In the evening, two highly-accomplished foreign correspondents, Dan Bilefsky from The New York Times and Michel Cormier from Radio-Canada, shared anecdotes about the specific highs and lows they’ve experienced as foreign correspondents. The Montreal-born Bilefsky was recently re-assigned to Montreal by The New York Times as a “Canada correspondent,” part of the paper’s push to appeal more to their Canadian readers. He spoke about the peculiarity of returning to his hometown after 28 years, and going from writing about war criminals to writing about poutine.

Day Three: Indigenous Reporting

The most compelling panel of day three was on Indigenous reporting. It featured Daniel Rowe, a reporter for The Eastern Door, Kahnawake’s community newspaper, and Christine Lussier, the co-producer of Nipivut Radio, an Inuit community program on McGill’s radio station, CKUT.

Lussier pointed out that many distinct nations and communities fall under the umbrella of “Indigenous” in Canada, and there is a common misconception that all Indigenous reporting focuses on the same broad issues. In reality, Lussier said, an Indigenous reporter’s writing will reflect the community they are reporting on, as with any other reporting.

The two panelists also discussed the role Indigenous reporting plays in creating a more diverse representation of Indigenous people in the media, rather than the handful of cliché news stories that tend to be written about Indigenous communities by non-Indigenous reporters.

Feature image by Kenneth Gibson


Nahlah Ayed on migration and refugees

The foreign correspondent spoke about her experience covering the refugee crisis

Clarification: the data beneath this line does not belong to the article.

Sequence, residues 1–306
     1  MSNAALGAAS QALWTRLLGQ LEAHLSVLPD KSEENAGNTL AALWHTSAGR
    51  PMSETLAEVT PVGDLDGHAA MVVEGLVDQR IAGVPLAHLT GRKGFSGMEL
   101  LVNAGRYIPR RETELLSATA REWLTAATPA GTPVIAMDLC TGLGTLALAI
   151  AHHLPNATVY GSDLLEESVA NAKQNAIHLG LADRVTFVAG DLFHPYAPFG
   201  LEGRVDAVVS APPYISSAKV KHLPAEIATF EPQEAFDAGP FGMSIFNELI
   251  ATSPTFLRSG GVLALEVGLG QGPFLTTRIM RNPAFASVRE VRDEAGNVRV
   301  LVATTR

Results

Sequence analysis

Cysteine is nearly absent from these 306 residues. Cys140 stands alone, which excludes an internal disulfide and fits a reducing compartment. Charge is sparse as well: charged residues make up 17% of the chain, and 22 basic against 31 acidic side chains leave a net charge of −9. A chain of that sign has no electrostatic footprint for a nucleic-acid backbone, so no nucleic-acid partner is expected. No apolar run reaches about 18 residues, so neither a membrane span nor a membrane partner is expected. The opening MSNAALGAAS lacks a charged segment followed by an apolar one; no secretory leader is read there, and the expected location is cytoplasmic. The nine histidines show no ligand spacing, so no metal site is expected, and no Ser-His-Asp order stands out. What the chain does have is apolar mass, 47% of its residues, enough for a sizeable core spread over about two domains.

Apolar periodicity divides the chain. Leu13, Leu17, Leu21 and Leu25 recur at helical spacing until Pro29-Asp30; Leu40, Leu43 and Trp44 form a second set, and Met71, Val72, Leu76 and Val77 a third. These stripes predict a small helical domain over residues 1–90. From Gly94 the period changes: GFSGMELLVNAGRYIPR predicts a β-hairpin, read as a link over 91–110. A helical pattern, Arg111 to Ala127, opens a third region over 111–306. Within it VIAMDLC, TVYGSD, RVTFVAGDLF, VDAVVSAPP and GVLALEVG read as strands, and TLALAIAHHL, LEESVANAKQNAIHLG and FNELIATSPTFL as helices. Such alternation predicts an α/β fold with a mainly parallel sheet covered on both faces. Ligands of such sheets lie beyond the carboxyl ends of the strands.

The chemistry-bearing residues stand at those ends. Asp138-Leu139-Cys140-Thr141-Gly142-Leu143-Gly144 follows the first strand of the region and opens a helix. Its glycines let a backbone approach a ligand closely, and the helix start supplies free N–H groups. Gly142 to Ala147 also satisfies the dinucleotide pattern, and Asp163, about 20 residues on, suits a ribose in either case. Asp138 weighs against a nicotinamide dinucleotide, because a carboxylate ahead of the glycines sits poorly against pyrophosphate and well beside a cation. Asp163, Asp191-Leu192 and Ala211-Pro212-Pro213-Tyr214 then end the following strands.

Nahlah Ayed, a foreign correspondent with the Canadian Broadcasting Corporation (CBC) based in London, England, gave a talk on Feb. 8 at Concordia University to discuss issues of immigration, migration and refugees.

She opened the discussion with a clip of an episode of CBC’s The Fifth Estate called “Saved at Sea,” which she reported on. The Fifth Estate is a weekly Canadian investigative documentary program which reports on various political and controversial issues and the people whose lives are affected by them.

Ayed’s “Saved at Sea” focused on refugees and migrants who were rescued from the Mediterranean Sea by the Red Cross/MOAS Responder. In the episode, she tells their stories and details their efforts to find a better life in European countries.

“This has been a documentary 15 years in the making,” said Ayed. Back in 2008, she met an Iraqi refugee as he waited her table at a restaurant in Paris. “I was thinking about writing a book on refugees and the Middle East, but he wasn’t very comfortable talking to me. He didn’t want any trouble,” she said. Having traveled on foot from Iraq to Europe, Ayed believed he was the perfect example of the lengths people were willing to go to escape Saddam Hussein’s Iraq.

Ayed described how, in 2003, there were thousands of people fleeing Iraq, usually to Syria which was safer at the time. “This new wave that started was something we’d never seen in the Middle East before,” she said. Ayed was then sent to the Iraq border with her crew. “I stood at that border, and thousands of people were crossing the borders with their belongings, children, extended families and their stories,” said Ayed.

There were two stories coming across the border, Ayed said. One about Iraq itself and the politics, the other about these people trying to regain control over their interrupted lives. “I felt that the future of Iraq itself rested on what these people could do to survive successfully,” she said.